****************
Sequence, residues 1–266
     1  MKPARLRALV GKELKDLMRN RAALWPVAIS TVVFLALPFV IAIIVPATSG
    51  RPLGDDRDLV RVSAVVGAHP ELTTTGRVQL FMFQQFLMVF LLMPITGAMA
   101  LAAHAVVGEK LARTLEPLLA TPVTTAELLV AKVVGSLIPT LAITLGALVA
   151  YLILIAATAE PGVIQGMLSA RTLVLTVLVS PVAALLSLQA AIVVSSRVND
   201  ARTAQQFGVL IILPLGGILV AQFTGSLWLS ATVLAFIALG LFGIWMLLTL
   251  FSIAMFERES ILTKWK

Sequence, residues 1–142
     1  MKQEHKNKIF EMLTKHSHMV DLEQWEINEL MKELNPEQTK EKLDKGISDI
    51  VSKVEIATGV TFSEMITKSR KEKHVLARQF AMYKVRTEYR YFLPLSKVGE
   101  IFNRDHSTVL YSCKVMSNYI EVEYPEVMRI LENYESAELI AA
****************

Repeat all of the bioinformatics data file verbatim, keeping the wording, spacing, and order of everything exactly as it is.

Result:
Sequence, residues 1–266
     1  MKPARLRALV GKELKDLMRN RAALWPVAIS TVVFLALPFV IAIIVPATSG
    51  RPLGDDRDLV RVSAVVGAHP ELTTTGRVQL FMFQQFLMVF LLMPITGAMA
   101  LAAHAVVGEK LARTLEPLLA TPVTTAELLV AKVVGSLIPT LAITLGALVA
   151  YLILIAATAE PGVIQGMLSA RTLVLTVLVS PVAALLSLQA AIVVSSRVND
   201  ARTAQQFGVL IILPLGGILV AQFTGSLWLS ATVLAFIALG LFGIWMLLTL
   251  FSIAMFERES ILTKWK

Sequence, residues 1–142
     1  MKQEHKNKIF EMLTKHSHMV DLEQWEINEL MKELNPEQTK EKLDKGISDI
    51  VSKVEIATGV TFSEMITKSR KEKHVLARQF AMYKVRTEYR YFLPLSKVGE
   101  IFNRDHSTVL YSCKVMSNYI EVEYPEVMRI LENYESAELI AA